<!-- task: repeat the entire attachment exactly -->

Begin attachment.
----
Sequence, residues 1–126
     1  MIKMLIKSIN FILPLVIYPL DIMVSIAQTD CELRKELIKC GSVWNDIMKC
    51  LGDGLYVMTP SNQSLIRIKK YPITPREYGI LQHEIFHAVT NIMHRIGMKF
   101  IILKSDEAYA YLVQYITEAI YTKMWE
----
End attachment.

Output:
Sequence, residues 1–126
     1  MIKMLIKSIN FILPLVIYPL DIMVSIAQTD CELRKELIKC GSVWNDIMKC
    51  LGDGLYVMTP SNQSLIRIKK YPITPREYGI LQHEIFHAVT NIMHRIGMKF
   101  IILKSDEAYA YLVQYITEAI YTKMWE